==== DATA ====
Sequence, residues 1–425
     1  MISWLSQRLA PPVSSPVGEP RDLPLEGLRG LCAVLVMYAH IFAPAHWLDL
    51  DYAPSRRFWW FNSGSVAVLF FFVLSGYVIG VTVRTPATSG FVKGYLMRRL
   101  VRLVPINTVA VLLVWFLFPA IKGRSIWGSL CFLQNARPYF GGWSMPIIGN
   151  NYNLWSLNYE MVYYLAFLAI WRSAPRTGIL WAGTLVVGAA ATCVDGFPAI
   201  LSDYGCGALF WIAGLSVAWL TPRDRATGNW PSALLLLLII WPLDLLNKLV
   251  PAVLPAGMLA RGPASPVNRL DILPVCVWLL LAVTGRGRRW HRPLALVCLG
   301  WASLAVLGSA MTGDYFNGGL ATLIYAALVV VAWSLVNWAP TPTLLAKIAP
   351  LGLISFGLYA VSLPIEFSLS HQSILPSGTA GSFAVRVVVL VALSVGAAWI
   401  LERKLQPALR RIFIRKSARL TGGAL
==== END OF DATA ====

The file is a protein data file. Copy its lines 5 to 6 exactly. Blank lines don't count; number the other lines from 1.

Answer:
   151  NYNLWSLNYE MVYYLAFLAI WRSAPRTGIL WAGTLVVGAA ATCVDGFPAI
   201  LSDYGCGALF WIAGLSVAWL TPRDRATGNW PSALLLLLII WPLDLLNKLV